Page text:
As someone that was a fan of the iPhone, I was previously stuck with AT&T as my service provider no matter how good or bad their network was (mostly bad ) Now, with the pending arrival of the Verizon iPhone (finally!!) I will finally have some choice in the marketplace, though in order to have that choice I'd have to make some technical trade-offs and would also have to pay a significant early termination fee to get out of my current AT&T contract.
For now I'll likely stay with AT&T, at least until I get to hear and read plenty of reviews of how the Verizon network handles the load that a bunch of iPhone users may place on it. There's also the possibility that as a bunch of people jump away from AT&T and into the arms of Verizon that AT&T's performance actually does improve, but that remains to be seen and is probably just wishful thinking.
What would have and should have improved the situation is for AT&T to have done some serious reinvestment back into their own infrastructure. I know they've invested some as they get ready to do a full on roll-out of what they will be calling 4G service and I am someone who understands that you don't necessary want to do a lot of spending on fixing the current situation when you know that you'll need to roll-out new services soon that may not be (likely aren't) compatible with the older services, but still that all seems very short-sighted to me.
First, while I understand the double-edge sword that is keeping backwards compatibility in place -- you wind up being hampered by it even as you help build a bridge for customers to eventually walk across as they hopefully jump to newer technology -- I have to say for the most part I think it makes sense to take that approach. Granted, I wish that somewhere along the way, other than way back at the leap from Windows 3.x to Windows NT, Microsoft had thrown away the old cobbled together mess that is Windows and had brought us a whole new operating system that really took advantage of the newer hardware and capabilities that were available rather than half-stepped because of the backwards compatibility that had to remain. You get the idea, I hope, that while backwards compatibility can be good, it can also lead to a big mess over the longer term as sooner or later you probably really do need to make a clean break and leave behind all of the old limitations and mess.
In the case of AT&T, they need to maintain backwards compability as they build out their 4G network so that all of the 3G customers and even old Edge users can continue to use their phones without being forced to upgrade. Those upgrades would cost a lot of people a lot of money, not to mention the costs of all of the subsidies that AT&T would probably have to offer those same customers. Keeping a backwards compatible system would alleviate those problems and offer customers a slower and hopefully steadier path to upgrades.
Meanwhile AT&T should have been putting new towers up to expand their reach and improve their coverage. It should have long been clear to them that they had poor coverage in many areas where they believed they offered stable coverage. They had even created an app for that (their "Marks the spot" app that can be used on an iPhone to report back signal drops and other problems) and had been nailed repeatedly in advertisements from their main competitor (with maps that showed how poor their coverage was). AT&T claimed to have been reinvesting in their infrastructure and making improvements, but if they had been doing so the pace of such improvements seems really questionable and completely lacking in much real evidence of change.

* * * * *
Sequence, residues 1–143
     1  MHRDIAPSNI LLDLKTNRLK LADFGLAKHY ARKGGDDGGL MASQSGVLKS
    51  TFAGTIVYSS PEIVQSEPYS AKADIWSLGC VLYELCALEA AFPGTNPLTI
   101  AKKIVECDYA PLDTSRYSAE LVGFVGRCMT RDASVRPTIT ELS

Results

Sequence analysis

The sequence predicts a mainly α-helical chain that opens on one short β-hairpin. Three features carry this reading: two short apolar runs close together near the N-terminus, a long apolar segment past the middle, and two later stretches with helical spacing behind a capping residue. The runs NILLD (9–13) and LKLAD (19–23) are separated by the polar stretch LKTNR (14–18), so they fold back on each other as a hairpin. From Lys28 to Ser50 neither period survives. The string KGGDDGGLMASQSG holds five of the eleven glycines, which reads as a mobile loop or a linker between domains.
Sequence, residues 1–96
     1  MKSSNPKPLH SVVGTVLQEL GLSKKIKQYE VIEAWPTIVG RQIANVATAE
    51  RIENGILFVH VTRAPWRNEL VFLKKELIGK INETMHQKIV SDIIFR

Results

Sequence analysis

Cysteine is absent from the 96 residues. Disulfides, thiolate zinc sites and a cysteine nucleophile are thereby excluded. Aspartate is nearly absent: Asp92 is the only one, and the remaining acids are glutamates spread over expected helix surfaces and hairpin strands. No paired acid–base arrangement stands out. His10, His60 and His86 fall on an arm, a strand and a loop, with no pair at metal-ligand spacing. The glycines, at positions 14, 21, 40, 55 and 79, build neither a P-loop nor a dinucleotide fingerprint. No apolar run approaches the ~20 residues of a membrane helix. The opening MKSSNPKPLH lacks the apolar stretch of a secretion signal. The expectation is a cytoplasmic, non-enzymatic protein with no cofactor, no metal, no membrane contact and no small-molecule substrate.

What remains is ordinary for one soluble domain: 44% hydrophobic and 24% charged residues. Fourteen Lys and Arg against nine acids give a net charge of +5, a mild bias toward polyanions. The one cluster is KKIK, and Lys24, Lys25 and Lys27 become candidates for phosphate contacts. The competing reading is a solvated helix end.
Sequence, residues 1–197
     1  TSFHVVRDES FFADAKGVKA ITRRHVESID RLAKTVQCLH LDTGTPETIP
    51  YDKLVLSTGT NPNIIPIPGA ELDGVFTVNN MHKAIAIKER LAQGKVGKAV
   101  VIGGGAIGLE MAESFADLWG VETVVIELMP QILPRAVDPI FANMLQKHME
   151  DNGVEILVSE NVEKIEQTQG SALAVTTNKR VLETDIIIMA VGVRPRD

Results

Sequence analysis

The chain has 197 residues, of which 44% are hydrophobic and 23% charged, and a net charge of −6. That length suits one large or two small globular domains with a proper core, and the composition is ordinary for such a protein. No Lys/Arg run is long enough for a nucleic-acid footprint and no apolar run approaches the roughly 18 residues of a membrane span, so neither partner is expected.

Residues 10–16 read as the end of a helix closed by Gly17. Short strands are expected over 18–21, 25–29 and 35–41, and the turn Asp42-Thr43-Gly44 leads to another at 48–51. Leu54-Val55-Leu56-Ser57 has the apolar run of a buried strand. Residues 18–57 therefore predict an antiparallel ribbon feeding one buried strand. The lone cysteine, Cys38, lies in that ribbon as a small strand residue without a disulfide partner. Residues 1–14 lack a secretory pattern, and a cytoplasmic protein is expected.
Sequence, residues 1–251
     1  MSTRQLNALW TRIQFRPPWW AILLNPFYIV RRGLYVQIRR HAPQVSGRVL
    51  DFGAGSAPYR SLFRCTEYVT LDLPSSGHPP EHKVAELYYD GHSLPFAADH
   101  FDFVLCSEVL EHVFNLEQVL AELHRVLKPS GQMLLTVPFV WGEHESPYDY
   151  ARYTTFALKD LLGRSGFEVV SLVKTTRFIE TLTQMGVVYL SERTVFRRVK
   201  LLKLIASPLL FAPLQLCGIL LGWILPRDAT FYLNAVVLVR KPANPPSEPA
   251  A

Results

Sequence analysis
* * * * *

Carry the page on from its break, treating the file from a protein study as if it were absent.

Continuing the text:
Similarly, I can look at another company that has been in the news in the National Capital region lately: PEPCO, the power provider for much of the National Capital region. They were nailed after Snowmaggedon 2010 and have been a target after the ice storms and snow of 2011. Apparently it has been far more important for PEPCO to pay shareholder dividends than to keep an adequate staffing level available to respond to emergencies and power outages that are weather related. Instead, they prefer to be a smaller, more nimble, and more profitable company that will cry for help (normally late) when it is totally obvious that a nasty weather system is on the way or is actually right on top of them. Their compatriots in the area (BGE and Dominion Power in Virginia) were considerably better in getting their customers back online sooner, but much of that was likely just being lucky with how bad the damage was in their coverage areas compared to PEPCO's.
All of these companies seem to be lacking in the vision to actually INVEST back into their own futures. The only vision they seem to have is of paying dividends to demanding shareholders rather than balancing out the demands of those shareholders with the demands of their customers. The short-sightedness is easily apparent and could be somewhat easily corrected if the companies had leadership that actually wanted to lead rather than simply bend over for shareholders and others who see nothing but profit demands.
Personally, I am a big fan of putting money back into insuring the future of a business. Money spent now to lead to greater profits in the future is a very worthy investment. Money paid into the pockets of greedy CEOs and other officers of the companies don't really do much other than keep those officers from leaving for supposedly greener pastures and while it would seem important to keep your leaders in place, if they haven't been that effective in their jobs anyway, why fret over keeping them at all? Instead, how about paying their fair salaries and offer them decent bonuses for performance and otherwise let the needs of the customers -- as well as those of the shareholders -- determine what you do in the marketplace.